Monday, January 04, 2021

Book Review and a Comment, Jews, God and History


Book Review by Peter McKenzie-Brown

Max Dimont: Jews, God and History: A modern interpretation of a four-thousand year story

Published in 1962, Simon and Schuster, New York; 421 pages plus extensive bibliography and index. The book has sold some two million copies, in two editions.

My copy is a first edition, which I first read at age 15. Max Isaac Dimont (12 August 1912 – 25 March 1992) was a Finnish-American historian and a practicing Jew whose writings were virtually all about Judaism.

The book covers the history of the Jews from approximately 2,000 BCE until 1962 – roughly four millennia. It follows the story of the Jews from their beginnings as a group of Middle Eastern nomads through their development as a people and the many impacts their religious ideas had on world civilization. For example, the world’s most widely practiced religion today, Christianity, is an offshoot of a Jewish sect that began roughly 2,000 years ago.

Of particular interest to Christians today, perhaps, is that a study of the Dead Sea Scrolls shows how the world’s most widely practiced religion evolved. Before Jesus of Nazareth arrived on the scene, a Jewish sect – the Essenes – had fully developed the ideas that Jesus now represents.

I personally have no religious convictions, but because of my long-standing interest in human history I found this discussion to be of particular interest. In a comparison discussion of the Essene and Christian creeds, Dimont cites A. Dupont-Summer, a professor at the Sorbonne. These comments deserve quoting.

Everything in the Jewish New Covenant heralds and prepares the way for the Christian New Covenant. The Galilean Master, as He is presented to us in the writings of the New Testament, appears in many respects as an astonishing reincarnation of the Teacher of Righteousness. Like the latter, He preached penitence, poverty, humility, love of one’s neighbor, chastity. Like him, He prescribed observance of the law of Moses, the whole Law, but the Law finished and perfected, thanks to His own revelations. Like him, He was the Elect and the Messiah of God, the Messiah Redeemer of the World. Like Him, He was the object of the hostility of the priests, the party of the Sadducees. Like him, He was condemned and put to death. Like him, He pronounced judgment on Jerusalem, which was taken and destroyed by the Romans for having put Him to death. Like him, He founded a church whose adherents fervently awaited His glorious return. In the Christian Church, just as in the Essene Church, the essential rite is the sacred meal, whose ministers are the priests. Here and there, at the heart of each community, there is the overseer, the “bishop.” And the ideal of both Churches, is essentially that of unity, communion in love – even going so far as the sharing of common property.

All these similarities – and here I only touched upon this subject – taken together constitute a very impressive whole. The question at once arises, to which of the two sects, the Jewish or the Christian, does the priority belong? Which of the two was able to influence the other? The reply leaves no room for doubt. The teacher of righteousness died about 65 to 53 BC; Jesus the Nazarene died about 30AD. In every case in which the resemblance compels or invites us to think about borrowing, this was on the part of Christianity. But on the other hand, the appearance of the faith in Jesus – the foundation of the New Church – can scarcely be explained without the real historic activity of a new Prophet, a new Messiah, who has rekindled the flame and concentrated on himself the adoration of men. [Quoted on pages 135-6.}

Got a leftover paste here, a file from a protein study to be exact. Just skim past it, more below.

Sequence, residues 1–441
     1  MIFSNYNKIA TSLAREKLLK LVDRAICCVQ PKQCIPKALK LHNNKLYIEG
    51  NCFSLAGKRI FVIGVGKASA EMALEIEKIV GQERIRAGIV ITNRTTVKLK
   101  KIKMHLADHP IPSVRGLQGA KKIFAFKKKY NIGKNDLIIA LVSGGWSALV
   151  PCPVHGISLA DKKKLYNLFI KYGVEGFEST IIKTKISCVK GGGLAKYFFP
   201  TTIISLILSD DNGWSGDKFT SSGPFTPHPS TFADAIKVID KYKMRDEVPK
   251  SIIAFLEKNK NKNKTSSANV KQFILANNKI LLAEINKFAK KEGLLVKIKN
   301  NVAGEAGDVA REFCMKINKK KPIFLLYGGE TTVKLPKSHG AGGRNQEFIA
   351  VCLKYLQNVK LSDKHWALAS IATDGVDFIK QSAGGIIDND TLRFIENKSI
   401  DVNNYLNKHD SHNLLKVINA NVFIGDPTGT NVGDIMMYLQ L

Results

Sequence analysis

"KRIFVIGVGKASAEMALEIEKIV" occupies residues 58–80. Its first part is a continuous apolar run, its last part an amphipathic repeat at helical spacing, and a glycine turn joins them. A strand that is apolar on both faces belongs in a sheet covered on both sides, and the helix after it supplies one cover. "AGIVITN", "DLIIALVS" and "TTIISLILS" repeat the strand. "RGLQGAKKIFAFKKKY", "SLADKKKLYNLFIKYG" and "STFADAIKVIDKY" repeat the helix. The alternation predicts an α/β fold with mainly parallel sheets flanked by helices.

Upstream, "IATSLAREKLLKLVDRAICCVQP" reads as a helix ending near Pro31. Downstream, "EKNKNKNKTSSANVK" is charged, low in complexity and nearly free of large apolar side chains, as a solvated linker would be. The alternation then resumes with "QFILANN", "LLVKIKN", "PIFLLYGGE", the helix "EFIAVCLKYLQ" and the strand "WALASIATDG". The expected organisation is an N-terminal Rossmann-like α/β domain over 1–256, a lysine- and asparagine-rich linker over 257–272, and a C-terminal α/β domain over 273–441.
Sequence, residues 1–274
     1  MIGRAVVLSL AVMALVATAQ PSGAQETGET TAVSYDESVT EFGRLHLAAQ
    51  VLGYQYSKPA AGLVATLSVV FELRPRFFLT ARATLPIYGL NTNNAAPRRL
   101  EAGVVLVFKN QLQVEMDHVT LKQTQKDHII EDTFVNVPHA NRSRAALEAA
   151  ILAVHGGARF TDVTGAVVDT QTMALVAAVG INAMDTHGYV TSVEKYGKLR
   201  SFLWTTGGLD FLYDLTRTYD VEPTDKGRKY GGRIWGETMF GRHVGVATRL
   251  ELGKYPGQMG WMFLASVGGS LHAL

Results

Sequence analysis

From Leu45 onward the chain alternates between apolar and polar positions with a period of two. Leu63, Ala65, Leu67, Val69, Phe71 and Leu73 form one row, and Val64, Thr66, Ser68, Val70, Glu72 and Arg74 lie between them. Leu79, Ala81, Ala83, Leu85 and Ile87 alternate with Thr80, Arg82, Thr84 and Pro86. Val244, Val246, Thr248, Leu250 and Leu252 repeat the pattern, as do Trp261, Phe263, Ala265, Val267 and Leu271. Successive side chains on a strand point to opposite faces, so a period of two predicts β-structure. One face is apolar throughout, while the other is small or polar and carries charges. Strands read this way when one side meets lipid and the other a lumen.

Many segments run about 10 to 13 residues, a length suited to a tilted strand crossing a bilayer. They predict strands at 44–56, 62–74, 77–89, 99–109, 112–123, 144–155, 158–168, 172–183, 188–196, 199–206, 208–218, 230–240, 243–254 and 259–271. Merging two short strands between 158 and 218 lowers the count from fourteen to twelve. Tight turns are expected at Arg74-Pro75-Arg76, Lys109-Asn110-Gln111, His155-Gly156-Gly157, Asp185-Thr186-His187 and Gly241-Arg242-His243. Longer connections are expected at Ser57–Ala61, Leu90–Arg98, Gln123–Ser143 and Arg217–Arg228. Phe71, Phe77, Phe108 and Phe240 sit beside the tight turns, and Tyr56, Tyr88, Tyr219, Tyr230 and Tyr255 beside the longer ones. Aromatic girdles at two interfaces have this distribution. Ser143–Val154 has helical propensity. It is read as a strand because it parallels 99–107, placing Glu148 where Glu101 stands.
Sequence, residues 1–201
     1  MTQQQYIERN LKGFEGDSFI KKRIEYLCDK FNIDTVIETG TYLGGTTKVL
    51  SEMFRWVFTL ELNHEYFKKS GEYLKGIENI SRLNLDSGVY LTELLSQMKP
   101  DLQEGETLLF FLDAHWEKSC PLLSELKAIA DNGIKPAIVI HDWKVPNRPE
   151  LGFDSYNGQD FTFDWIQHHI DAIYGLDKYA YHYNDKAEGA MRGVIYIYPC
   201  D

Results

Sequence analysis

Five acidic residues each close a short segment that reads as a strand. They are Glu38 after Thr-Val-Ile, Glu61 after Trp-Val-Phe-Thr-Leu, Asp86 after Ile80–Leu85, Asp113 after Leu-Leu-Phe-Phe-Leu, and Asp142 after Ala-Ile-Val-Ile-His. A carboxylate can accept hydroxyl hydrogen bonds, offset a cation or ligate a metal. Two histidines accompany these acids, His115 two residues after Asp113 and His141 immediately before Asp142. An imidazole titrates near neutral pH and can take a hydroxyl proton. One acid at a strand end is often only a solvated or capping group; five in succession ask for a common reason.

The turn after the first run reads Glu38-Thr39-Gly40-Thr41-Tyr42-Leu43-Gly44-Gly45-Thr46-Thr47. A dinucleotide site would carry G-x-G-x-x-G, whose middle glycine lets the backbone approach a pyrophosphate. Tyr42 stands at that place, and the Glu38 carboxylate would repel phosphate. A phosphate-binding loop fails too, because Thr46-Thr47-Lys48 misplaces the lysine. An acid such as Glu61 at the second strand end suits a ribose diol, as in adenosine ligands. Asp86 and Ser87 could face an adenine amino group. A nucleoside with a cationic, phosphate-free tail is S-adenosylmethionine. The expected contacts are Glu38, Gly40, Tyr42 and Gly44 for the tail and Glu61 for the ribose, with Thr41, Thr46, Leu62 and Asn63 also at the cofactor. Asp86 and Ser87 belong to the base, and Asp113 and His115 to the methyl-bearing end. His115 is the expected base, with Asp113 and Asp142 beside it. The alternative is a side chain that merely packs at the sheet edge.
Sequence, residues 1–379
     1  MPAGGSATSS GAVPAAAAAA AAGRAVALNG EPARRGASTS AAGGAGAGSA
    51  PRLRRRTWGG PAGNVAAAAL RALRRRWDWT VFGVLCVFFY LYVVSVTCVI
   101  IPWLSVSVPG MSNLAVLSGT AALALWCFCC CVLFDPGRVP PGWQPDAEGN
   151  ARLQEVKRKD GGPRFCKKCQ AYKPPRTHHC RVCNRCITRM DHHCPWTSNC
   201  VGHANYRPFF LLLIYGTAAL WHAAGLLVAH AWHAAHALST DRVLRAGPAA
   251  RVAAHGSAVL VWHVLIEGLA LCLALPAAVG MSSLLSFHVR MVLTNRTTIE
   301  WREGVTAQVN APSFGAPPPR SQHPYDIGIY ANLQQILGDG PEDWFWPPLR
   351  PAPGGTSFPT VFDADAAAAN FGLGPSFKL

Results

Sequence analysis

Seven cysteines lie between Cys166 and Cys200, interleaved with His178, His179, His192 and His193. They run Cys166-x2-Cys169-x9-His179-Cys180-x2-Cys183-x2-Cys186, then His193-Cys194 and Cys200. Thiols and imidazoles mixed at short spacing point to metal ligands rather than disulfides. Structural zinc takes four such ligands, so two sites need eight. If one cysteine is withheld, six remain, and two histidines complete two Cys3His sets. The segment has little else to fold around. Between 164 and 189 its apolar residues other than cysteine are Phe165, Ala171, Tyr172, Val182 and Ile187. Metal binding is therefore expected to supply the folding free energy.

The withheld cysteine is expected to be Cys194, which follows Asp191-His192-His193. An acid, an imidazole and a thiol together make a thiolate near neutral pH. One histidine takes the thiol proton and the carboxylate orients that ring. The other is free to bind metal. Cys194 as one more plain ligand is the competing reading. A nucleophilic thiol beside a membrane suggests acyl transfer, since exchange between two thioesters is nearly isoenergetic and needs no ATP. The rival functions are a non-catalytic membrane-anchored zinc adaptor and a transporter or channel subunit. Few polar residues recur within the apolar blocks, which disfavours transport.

Later chapters cover a mixed bag of historical events – from the esteem Jews held in many parts of the world because so much of the religion reflects basic morality, such horrors as the ghettoization of the Jews in the modern era to the atrocities carried out by the Nazis in World War II. I find the lead to that chapter, titled “The Brown-Shirted Christ Killers,” both chilling and illuminating. The chapter begins with these paragraphs:

On January 30, 1933, history played a trice on the world and made Adolf Hitler Chancellor of Germany. Jubilant Germans spilled into streets “heiling” the brown-shirted stormtroopers marching in triumph down Unter den Liden, little knowing that in a few short years they would drench the world in blood and go down in history as the barbarian’s barbarians; little suspecting that within one decade they would choke in the sands of the Sahara, drown in the waters of the Atlantic, die on the steppes of Russia, and be crushed in the ruins of their own cities.

From that first day in power to that April day in 1945 when, with Berlin ablaze, Hitler shot himself through the mouth, the Germans exterminated with systematized murder 12 million men, women and children, inn concentration camps, by firing squads, and in in gas chambers. Of these 12 million victims, 7 million were Christians and 5 million were Jews – 1.4 Christians for every Jew. But because the Nazis shouted “Kill the Jews,” the world blinded itself to the murder of Christians.

Hundreds of figures people these pages, many of which most readers will be familiar with. These range from Moses and Jesus of Nazareth to Albert Einstein and Sigmund Freud; from the writers of the Talmud to those who wrote the Old Testament of the Christian Bible.